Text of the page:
From the Daily: Wrong reform

BY ESTON BOND

Published February 18, 2005

Though President Bush's second term is only a few weeks old, he is just his own signature away from scoring his first legislative victory of the term. The Class Action Fairness Act, a bill designed to limit the accessibility of class-action legal suits, passed the Senate in a 72-26 vote last week. While America's tort system has undoubtedly produced its share of court-clogging and frivolous class-action suits, the proposed legislation will virtually eliminate class action as a viable legal strategy -- cutting off one of the legal system's most critical pathways to social justice.

Currently, class-action law has few jurisdictional boundaries, and plaintiffs have the option of shopping around in county courts for favorable judges and juries. The new law would eliminate this practice, pushing any case filed on behalf of individuals from multiple states into the federal court system. But for all of the law's organizational merits, it risks uprooting the groundwork of countless legitimate legal claims now pending across the nation.
Individuals join class-action cases because certain state laws preclude the grounds for filing suit. If the law passes, individuals in this situation will no longer have the ability to take their cases to receptive state courts. Their problems, as well as those of many others, will be compounded under the new system as class-action suits will now need to have relevant grounds at the federal level. This change will prevent many individuals from having their cases heard at all.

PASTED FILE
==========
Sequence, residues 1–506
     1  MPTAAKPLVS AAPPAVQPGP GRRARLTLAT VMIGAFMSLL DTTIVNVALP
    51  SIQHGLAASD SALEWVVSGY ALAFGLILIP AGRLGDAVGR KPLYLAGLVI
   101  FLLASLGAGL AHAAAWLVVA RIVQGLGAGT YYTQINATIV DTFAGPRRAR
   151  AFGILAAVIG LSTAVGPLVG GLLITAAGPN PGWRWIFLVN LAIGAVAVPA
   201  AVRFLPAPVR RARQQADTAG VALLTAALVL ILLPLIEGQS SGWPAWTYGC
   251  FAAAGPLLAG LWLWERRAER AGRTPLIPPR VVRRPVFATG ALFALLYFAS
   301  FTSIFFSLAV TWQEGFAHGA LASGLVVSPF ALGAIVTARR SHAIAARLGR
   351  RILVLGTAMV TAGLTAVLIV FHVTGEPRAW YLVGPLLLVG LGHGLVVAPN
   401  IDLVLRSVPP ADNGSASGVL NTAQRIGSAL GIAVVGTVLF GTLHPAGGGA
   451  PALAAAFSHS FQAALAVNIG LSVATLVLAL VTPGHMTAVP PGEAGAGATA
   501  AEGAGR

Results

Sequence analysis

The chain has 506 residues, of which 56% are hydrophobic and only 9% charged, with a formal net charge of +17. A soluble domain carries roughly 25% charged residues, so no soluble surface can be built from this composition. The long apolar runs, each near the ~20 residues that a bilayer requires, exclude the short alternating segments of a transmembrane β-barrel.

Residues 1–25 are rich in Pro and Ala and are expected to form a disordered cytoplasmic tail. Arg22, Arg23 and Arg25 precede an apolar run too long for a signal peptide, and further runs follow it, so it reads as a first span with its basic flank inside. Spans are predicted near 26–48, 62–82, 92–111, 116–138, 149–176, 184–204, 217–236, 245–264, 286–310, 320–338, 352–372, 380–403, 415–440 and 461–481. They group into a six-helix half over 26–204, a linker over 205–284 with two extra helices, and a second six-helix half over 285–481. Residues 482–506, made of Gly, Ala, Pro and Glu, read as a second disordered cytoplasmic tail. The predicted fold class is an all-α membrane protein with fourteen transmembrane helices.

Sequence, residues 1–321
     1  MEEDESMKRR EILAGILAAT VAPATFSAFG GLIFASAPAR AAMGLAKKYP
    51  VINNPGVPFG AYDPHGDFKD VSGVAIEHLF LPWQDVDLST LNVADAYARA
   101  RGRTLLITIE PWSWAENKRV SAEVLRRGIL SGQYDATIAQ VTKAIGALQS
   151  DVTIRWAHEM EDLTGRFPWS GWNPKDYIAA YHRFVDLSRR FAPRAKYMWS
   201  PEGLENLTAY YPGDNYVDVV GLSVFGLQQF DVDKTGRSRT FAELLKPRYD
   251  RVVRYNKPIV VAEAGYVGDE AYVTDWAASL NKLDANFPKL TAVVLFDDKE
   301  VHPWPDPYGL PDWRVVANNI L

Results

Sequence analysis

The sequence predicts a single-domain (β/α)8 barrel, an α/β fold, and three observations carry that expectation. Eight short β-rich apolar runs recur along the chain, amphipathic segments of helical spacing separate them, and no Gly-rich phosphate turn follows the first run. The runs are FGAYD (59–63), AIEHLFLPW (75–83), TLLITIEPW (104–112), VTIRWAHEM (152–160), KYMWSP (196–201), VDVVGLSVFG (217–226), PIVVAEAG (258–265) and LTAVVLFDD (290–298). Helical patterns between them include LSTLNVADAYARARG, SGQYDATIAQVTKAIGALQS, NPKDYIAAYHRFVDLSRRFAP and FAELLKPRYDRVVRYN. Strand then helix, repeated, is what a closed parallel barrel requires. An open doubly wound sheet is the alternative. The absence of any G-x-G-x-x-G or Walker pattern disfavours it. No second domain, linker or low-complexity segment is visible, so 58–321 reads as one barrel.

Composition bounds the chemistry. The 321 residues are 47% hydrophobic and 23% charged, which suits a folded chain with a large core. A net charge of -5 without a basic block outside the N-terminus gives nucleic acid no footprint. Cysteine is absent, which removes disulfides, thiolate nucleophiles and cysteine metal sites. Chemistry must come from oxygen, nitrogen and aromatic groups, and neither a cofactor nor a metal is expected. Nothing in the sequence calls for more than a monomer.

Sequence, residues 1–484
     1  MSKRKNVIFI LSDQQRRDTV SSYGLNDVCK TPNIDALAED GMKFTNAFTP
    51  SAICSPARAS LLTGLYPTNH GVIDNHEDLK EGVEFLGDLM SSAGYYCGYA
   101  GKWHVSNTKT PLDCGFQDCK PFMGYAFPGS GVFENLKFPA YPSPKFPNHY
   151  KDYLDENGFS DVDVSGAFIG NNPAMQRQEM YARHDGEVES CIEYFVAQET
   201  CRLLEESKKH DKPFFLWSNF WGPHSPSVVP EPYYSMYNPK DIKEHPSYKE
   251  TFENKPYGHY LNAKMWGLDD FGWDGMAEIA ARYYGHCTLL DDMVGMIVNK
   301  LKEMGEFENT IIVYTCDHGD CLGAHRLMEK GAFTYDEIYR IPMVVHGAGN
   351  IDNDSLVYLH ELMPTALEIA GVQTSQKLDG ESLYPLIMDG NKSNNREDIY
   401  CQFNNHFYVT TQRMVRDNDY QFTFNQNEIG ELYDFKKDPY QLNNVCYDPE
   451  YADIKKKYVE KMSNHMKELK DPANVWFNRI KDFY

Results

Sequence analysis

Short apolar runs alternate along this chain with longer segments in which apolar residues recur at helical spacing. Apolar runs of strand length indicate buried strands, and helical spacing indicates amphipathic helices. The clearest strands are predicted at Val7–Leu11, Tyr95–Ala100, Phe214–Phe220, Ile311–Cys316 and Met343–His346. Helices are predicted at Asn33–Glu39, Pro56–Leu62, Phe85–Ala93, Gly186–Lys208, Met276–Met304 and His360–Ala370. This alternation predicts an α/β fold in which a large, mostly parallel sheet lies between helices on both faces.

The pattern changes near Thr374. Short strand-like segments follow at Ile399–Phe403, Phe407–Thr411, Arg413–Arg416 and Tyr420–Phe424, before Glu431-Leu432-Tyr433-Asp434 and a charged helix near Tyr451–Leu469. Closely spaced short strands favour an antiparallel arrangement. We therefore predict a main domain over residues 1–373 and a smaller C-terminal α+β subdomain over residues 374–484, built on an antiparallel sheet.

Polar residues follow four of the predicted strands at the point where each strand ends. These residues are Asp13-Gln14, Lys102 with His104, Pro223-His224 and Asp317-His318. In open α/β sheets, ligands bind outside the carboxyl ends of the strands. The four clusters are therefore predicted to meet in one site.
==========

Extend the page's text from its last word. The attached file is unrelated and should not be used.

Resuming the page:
Even if cases are "frivolous," individuals, under all circumstances, deserve the right to have their cases heard. Provisions, at both the state and federal level, are already in place to restrict cases with no statutory backing from being heard. These laws have effectively thrown out thousands of cases -- forcing them to be settled out of court or often, not at all. These cases, however, usually discarded as "frivolous," time and again have proved redeeming.
Class-action cases once labeled "frivolous" have brought vast societal gains -- from ostensibly minute public safety victories, such as fire-resistant mattresses or reverse beepers on big trucks, to much more serious triumphs like the elimination of tobacco ads on television. Class-action lawsuits are the lynchpin of the current legal battles against industrial polluters and discriminatory corporations. Absent the leverage of broad-scale class-action suits, big business could operate with relative impunity.
No measure of efficiency in the legal system can ever prevail over the pursuit of social justice. While efforts to craft a more orderly tort system have value, they simply cannot be allowed to sacrifice the integrity and impartiality of the justice system.